Metropolitan officials couldn’t agree more. With so much water cascading through Northern California’s rivers, “you should have been able to move another half-million acre-feet of water (south) in the last 60 days alone,” Kightlinger said last week.
In an hourlong interview in his 12th-floor office at Metropolitan’s headquarters, with its panoramic view of downtown Los Angeles, Kightlinger argued that it’s in Northern California’s “enlightened self-interest” to keep his region, its massive population and its powerful economic engine well-hydrated.
“If Southern California starts to falter economically, it has a ripple effect throughout the entire state,” said Kightlinger, a genial lawyer who is also one of the most powerful figures in California water.
Metropolitan is a $1.8 billion-a-year behemoth. It supplies water wholesale to 19 million residents and consumes about half of the water delivered by the State Water Project, the giant delivery system built in the early 1960s by Gov. Pat Brown, father of current Gov. Jerry Brown. Kightlinger is one of the leading proponents of Jerry Brown’s controversial plan to re-engineer the system by building a pair of tunnels beneath the Delta. The idea is to improve the reliability of a delivery network that has become increasingly fragile as fish numbers in the estuary continue to plummet.
“What we don’t want to do is bring more water south,” Kightlinger said. “What we want to do is stabilize the system.”
It’s not as if you (in Northern California) have a claim on that water that is morally superior to Southern California.
Thad Kousser, professor of political science, UC San Diego
A land with comparatively little rainfall even in the best of times, Southern California has dealt with water shortages for much of its history – sometimes making enemies along the way. It was more than a century ago that the city of Los Angeles bought up much of the land and water rights in the Owens Valley, about 200 miles north, effectively drying up a once-prosperous farming community. The episode still reverberates in rural communities, where suspicions persist about Southern California’s seemingly insatiable demands.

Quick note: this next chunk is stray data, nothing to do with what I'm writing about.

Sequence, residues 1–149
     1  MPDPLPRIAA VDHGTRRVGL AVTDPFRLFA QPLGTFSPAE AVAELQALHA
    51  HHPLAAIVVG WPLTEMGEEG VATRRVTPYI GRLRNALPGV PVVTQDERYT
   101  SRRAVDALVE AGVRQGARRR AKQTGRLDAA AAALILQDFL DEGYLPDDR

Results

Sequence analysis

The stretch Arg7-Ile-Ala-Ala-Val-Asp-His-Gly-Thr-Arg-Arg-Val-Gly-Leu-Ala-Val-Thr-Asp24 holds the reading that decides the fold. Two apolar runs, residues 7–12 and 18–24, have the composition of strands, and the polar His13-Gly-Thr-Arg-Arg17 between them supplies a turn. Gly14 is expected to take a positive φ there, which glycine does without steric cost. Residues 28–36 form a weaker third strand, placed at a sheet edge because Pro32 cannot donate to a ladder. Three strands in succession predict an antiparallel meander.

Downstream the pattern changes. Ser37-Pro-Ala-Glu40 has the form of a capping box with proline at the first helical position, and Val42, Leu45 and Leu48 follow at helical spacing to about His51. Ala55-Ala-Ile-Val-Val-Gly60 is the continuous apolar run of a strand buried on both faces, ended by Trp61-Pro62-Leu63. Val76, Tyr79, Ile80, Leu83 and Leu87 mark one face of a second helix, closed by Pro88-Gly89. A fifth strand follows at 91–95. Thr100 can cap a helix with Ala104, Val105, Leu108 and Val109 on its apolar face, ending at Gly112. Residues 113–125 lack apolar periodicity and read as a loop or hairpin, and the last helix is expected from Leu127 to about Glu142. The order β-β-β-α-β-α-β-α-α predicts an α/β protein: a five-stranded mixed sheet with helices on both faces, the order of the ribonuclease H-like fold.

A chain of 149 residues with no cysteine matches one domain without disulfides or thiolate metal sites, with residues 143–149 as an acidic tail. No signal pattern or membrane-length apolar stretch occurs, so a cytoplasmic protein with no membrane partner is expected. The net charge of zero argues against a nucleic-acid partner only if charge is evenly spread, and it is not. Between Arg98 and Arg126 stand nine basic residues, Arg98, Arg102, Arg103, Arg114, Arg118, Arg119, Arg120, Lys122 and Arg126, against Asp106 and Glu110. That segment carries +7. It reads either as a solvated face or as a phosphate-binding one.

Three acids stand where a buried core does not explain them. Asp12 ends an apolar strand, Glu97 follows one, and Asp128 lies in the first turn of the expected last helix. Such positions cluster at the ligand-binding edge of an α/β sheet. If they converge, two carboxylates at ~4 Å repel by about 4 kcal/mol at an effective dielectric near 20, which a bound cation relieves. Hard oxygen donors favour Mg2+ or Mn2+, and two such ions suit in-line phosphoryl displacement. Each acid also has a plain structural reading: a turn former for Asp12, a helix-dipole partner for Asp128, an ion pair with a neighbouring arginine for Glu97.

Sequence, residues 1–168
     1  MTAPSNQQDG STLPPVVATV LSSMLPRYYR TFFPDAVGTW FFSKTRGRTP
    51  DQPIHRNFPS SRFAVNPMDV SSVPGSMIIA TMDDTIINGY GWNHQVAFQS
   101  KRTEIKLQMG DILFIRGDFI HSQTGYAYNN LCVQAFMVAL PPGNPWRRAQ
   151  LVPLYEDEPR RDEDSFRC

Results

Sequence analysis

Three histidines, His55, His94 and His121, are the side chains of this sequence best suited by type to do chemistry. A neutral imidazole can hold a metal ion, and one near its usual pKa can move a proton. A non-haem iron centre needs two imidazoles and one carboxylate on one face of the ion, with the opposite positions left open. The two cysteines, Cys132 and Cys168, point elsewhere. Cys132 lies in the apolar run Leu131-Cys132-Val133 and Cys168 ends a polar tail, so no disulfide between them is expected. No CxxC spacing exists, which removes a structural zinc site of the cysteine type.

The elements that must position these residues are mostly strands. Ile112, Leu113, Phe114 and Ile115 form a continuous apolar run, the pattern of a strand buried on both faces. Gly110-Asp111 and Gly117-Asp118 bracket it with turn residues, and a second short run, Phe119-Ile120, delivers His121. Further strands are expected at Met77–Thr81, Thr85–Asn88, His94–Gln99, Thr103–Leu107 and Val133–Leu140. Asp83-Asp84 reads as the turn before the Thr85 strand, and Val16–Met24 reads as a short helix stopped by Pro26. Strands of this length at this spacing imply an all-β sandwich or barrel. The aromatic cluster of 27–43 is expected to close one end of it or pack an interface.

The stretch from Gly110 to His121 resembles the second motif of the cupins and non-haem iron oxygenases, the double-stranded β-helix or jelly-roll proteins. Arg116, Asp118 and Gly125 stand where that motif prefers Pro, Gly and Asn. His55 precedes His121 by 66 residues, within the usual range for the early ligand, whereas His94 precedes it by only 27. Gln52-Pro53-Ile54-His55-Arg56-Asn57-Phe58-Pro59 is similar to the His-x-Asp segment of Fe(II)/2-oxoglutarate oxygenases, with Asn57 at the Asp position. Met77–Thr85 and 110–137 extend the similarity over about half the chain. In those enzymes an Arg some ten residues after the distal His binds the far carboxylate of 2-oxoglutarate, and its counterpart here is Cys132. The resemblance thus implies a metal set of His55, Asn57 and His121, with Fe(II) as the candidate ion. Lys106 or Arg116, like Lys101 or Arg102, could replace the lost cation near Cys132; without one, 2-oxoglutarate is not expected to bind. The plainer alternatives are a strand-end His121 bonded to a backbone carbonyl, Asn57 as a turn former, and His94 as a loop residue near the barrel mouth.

In the 1930s, Metropolitan built the 300-mile aqueduct to import water from the Colorado River, and Metropolitan’s somewhat grudging financial support was crucial to getting the State Water Project off the ground.
In recent years, Metropolitan has taken a more diversified approach, stepping up imports when possible but also working to curb consumption. After the U.S. government took almost half of Metropolitan’s Colorado River water away in 2003, giving it to Nevada and Arizona to resolve years of squabbling, Kightlinger’s agency reached out to farmers of the Palo Verde Valley for help. The result was a multiyear deal in which Metropolitan pays farmers to fallow some of their land and part with their Colorado River water.